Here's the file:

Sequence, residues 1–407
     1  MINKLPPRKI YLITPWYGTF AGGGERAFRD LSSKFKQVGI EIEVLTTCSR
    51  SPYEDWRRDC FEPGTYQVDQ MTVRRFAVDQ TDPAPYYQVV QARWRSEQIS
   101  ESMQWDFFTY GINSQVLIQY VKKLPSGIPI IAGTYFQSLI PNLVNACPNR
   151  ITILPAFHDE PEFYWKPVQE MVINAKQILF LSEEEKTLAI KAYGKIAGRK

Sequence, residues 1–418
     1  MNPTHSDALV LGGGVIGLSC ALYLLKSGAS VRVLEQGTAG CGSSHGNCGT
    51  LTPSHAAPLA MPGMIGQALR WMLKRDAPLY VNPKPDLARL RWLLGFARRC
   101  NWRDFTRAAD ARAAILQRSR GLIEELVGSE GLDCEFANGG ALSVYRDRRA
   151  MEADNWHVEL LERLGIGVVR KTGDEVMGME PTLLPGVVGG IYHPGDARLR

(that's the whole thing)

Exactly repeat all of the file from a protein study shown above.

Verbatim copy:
Sequence, residues 1–407
     1  MINKLPPRKI YLITPWYGTF AGGGERAFRD LSSKFKQVGI EIEVLTTCSR
    51  SPYEDWRRDC FEPGTYQVDQ MTVRRFAVDQ TDPAPYYQVV QARWRSEQIS
   101  ESMQWDFFTY GINSQVLIQY VKKLPSGIPI IAGTYFQSLI PNLVNACPNR
   151  ITILPAFHDE PEFYWKPVQE MVINAKQILF LSEEEKTLAI KAYGKIAGRK

Sequence, residues 1–418
     1  MNPTHSDALV LGGGVIGLSC ALYLLKSGAS VRVLEQGTAG CGSSHGNCGT
    51  LTPSHAAPLA MPGMIGQALR WMLKRDAPLY VNPKPDLARL RWLLGFARRC
   101  NWRDFTRAAD ARAAILQRSR GLIEELVGSE GLDCEFANGG ALSVYRDRRA
   151  MEADNWHVEL LERLGIGVVR KTGDEVMGME PTLLPGVVGG IYHPGDARLR